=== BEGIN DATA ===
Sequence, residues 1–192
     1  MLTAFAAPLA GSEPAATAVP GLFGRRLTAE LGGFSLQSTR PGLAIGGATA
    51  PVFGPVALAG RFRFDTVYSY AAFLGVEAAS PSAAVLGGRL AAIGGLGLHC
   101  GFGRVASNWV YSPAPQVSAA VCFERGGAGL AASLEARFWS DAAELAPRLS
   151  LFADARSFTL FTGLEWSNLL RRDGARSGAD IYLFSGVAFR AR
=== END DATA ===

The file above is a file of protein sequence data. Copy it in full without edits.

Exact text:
Sequence, residues 1–192
     1  MLTAFAAPLA GSEPAATAVP GLFGRRLTAE LGGFSLQSTR PGLAIGGATA
    51  PVFGPVALAG RFRFDTVYSY AAFLGVEAAS PSAAVLGGRL AAIGGLGLHC
   101  GFGRVASNWV YSPAPQVSAA VCFERGGAGL AASLEARFWS DAAELAPRLS
   151  LFADARSFTL FTGLEWSNLL RRDGARSGAD IYLFSGVAFR AR